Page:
Bodie V. Pennisi Professor; Emphasis: Commercial & sustainable landscape; pollinators Horticulture
Portrait of Bodie V. Pennisi
Contact Information bpennisi@uga.edu 770-228-7243

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Portrait of Bodie V. Pennisi

UGA Griffin Campus


Dr. Pennisi is an Extension Horticulture Specialist in the Department of Horticulture at the University of Georgia. She received her Master of Science in 1996 and Doctoral degrees in 1999 from Environmental Horticulture Dept. of University of Florida in Gainesville. She joined the Horticulture Department at UGA in 2000. Until 2010, Dr. Pennisi served the floriculture industry. Currently, she has statewide responsibilities for the Georgia landscape industry.
Dr. Pennisi also teaches online courses, HORT3440E Herbs, Spices, and Medicinal Plants, and HORT4430/6430E Plant Physiology.

Programmatically, Dr. Pennisi is responsible for planning and coordinating a statewide Extension program to support the professional landscape industry, and conducting applied research with emphasis on sustainable outdoor and indoor landscapes including plant, water, nutrient, and soil interactions. She also assist county Extension agents with landscape trouble-shooting, landscape planning, and local programming when needed. Dr. Pennisi teaches Master Gardener training classes on landscape installation and maintenance, WaterSmart landscapes, interiorscapes, herbaceous and woody ornamental plant selection, plant propagation and plant physiology.

Dr. Pennisi serves as educational advisor to the Georgia Green Industry Association (GGIA), the Urban Agriculture Council (UAC), and the national non-profit organization Green Plants for Green Buildings (GPGB). She serves on the environmental committee of the National Initiative for Consumer Horticulture (NICH). Dr. Pennisi also serves on the board of directors of the Griffin Region College and Career Academy (GRCCA).

Dr. Pennisi is a Co-Editor-in-Chief of Scientia Horticulturae.

Research Areas

Evaluation of Ecosystems Services of Ornamentals Plants
The landscape industry and the public have become increasingly concerned about protecting pollinator health by reducing pesticides and providing habitats most conducive to promoting insect biodiversity and abundance. In addition, our clientele cares about the spread of invasive plants and increasingly seeks native species alternatives which could provide landscape benefits. Most annual bedding plant species and many perennial species are bred for floriferousness and adaptability to perform in urban landscapes. However, research has shown that cultivars specifically bred for ornamental purposes have lower numbers or species diversity of visiting insects, due to modifications in flower morphology, such as multiple petals and spurless flowers. Therefore, the right combination of species in the landscape, one which provides superior aesthetics, is adapted to the local environment, and offers ecosystem services is of intense interest. This research has multipronged approach: systematic evaluation of existing ornamental species and their associated pollinators and biological species; evaluation of species for which anecdotal information for insect attractiveness exist and /or species not evaluated in southeastern landscapes; surveys of real-life commercial landscapes in addition to research trial gardens; and evaluation of the effectiveness of various insect habitats.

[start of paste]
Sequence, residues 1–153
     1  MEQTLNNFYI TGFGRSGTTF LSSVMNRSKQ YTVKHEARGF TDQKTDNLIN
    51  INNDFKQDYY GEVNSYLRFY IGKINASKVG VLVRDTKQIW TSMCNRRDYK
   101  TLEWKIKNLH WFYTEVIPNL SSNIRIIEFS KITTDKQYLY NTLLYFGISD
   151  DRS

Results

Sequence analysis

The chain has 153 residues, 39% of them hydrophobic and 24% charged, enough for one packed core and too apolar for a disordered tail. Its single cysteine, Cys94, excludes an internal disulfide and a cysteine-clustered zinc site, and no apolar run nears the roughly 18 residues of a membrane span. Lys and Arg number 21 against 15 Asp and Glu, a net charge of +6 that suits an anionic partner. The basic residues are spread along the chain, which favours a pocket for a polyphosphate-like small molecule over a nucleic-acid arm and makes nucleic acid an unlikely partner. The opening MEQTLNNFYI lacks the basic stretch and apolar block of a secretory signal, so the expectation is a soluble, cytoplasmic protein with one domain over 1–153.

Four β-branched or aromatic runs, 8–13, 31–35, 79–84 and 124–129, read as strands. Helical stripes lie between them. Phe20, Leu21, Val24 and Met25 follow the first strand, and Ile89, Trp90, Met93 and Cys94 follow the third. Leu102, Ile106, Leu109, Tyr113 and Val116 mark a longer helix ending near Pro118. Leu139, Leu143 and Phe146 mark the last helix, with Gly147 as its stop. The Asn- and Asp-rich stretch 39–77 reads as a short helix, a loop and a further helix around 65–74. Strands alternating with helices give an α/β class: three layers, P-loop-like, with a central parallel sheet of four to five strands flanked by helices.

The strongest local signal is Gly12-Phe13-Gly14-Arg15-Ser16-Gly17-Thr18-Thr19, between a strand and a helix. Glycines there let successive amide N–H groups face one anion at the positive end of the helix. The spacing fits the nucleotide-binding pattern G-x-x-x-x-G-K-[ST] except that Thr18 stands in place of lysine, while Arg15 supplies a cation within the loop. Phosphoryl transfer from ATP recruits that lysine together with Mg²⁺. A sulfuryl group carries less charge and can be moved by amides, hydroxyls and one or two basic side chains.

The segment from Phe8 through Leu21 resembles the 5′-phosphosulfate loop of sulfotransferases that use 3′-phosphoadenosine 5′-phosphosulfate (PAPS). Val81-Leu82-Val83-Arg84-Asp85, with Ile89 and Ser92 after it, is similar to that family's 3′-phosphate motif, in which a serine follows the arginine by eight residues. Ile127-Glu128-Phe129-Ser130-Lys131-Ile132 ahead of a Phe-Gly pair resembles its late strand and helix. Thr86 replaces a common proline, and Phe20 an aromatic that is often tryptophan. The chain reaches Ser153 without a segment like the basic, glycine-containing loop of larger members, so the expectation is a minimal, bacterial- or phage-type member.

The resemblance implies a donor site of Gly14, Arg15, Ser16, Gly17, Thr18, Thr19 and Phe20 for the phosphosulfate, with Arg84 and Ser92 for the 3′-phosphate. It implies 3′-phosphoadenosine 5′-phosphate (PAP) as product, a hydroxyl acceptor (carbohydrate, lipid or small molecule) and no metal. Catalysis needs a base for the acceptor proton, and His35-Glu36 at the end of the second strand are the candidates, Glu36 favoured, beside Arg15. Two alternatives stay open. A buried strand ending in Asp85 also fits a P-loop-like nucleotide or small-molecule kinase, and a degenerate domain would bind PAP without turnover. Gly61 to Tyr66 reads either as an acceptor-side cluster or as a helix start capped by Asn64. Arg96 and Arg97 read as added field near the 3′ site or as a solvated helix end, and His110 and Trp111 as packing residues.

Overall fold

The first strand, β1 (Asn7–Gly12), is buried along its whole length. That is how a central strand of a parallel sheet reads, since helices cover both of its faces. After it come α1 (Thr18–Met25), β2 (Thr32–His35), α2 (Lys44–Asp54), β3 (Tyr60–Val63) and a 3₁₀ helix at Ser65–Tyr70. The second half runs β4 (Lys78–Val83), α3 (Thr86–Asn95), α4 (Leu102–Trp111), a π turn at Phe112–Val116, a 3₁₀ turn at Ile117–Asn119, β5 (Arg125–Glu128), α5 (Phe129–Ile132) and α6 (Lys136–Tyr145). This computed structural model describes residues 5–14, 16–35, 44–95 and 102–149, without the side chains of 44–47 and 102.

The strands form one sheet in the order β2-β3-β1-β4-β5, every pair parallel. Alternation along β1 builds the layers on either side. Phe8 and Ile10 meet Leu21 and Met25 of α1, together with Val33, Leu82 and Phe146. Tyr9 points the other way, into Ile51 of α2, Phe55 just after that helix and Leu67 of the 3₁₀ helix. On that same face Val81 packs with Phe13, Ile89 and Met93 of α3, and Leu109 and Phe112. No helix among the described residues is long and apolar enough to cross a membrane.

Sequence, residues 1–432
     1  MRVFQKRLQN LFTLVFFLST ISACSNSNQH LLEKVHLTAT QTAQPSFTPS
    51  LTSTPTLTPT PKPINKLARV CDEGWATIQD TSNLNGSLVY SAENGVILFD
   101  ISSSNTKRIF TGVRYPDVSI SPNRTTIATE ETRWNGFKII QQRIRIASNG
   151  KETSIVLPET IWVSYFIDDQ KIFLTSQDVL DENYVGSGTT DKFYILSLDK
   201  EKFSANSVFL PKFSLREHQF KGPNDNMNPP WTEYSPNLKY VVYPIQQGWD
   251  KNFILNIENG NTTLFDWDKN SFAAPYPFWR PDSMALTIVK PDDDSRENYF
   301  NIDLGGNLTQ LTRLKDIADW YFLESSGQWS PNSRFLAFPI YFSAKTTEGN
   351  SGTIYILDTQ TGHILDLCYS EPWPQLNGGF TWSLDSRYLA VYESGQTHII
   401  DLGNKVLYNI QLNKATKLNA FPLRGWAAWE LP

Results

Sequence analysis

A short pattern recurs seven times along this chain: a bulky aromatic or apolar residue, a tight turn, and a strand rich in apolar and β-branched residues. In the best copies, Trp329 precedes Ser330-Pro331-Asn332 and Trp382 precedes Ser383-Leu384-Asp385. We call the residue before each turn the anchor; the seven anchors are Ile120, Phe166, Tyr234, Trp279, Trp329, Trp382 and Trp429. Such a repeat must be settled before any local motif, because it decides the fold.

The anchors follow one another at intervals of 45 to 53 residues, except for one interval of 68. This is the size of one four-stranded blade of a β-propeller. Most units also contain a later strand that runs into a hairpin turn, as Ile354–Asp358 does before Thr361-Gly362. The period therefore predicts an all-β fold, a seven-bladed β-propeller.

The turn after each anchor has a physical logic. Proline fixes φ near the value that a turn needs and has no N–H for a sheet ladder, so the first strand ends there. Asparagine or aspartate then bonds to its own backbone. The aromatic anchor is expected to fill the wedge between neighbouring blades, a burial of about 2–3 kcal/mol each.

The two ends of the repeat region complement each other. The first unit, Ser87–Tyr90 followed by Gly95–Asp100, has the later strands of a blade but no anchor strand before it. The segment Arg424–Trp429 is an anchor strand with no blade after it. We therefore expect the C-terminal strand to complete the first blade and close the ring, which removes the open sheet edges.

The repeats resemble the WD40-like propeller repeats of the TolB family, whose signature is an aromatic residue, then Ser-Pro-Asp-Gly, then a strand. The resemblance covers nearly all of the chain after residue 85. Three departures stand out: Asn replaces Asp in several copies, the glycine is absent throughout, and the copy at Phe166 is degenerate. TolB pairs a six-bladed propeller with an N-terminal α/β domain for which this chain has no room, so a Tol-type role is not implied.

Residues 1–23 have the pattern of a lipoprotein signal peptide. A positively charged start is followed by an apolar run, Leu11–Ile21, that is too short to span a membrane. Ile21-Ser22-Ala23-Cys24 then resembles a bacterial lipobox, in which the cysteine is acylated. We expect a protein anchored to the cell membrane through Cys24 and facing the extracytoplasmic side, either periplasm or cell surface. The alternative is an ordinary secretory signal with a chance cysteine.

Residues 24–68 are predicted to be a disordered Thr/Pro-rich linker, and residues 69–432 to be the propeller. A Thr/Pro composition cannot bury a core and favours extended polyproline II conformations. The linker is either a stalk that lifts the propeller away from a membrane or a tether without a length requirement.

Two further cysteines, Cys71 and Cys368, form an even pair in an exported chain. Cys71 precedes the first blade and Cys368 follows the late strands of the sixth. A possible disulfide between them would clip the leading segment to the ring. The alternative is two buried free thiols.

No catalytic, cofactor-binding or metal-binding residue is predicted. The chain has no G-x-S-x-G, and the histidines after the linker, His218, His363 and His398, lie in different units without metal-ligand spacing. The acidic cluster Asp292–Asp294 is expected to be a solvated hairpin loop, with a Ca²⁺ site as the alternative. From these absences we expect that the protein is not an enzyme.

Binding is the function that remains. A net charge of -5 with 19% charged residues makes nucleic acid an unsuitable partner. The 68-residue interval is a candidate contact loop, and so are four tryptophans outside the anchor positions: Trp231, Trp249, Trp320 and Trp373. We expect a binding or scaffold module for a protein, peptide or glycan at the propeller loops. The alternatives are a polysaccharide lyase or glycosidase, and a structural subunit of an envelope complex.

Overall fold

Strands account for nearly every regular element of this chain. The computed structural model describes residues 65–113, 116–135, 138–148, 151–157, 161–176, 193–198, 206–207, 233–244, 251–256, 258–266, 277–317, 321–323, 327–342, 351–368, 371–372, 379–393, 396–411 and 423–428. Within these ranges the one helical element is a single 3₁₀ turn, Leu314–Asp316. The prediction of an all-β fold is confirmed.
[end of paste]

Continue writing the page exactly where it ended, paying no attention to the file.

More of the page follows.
Effect of Environmental and Cultural Factors on Biodegradation of Plantable Containers and Microbial Inoculants on Plant Growth
Plantable biocontainers which can be directly installed in landscape and decompose readily in the soil have provided alternatives to standard plastic containers both in production and in the landscape. They offer labor savings and reduction in plastic outputs. Yet, their adoption is not wide, partly due to limited data on plant growth, and also incomplete decomposition in the landscape. Rate of container decomposition is essential to this process and must occur fast enough to prevent disruption of root and plant growth and establishment yet decompose completely by the end of the six-month landscape rotation cycle. Soil factors and cultural practices including nitrogen fertilizer application, soil type, soil pH, soil amendment, and soil microorganism inoculation, can affect biodegradation. This research aims to provide information on the impact of cultural and environmental factors on degradation of plantable biodegradable containers in native soils and under conditions designed to simulate Georgia landscape environments. With the use of biocontainers on the rise, research is needed to remove the impediments to wider adoption of these alternative containers so that the consumer (public, legislative bodies, etc.) views the green industry as a sustainability-conscious industry.


Appointments

  • 20% Teaching
  • 75% Extension
  • 5% Service

Teaching

  • HORT3440E Herbs, Spices, and Medicinal Plants
  • HORT 4430E/6430E¬†Plant Physiology
  • HORT4770E/6770E Discover the Wonderful World of Plants and Pollinators and Your Place in It
  • HORT 6070 Special Problems in Horticulture

Education

  • M.Ag., Viticulture and Gardening, Higher Institute of Agriculture, Bulgaria, 1993
  • M.S.,¬†Environmental Horticulture, University of Florida, 1996
  • Ph.D.,¬†Environmental Horticulture, University of Florida, 1999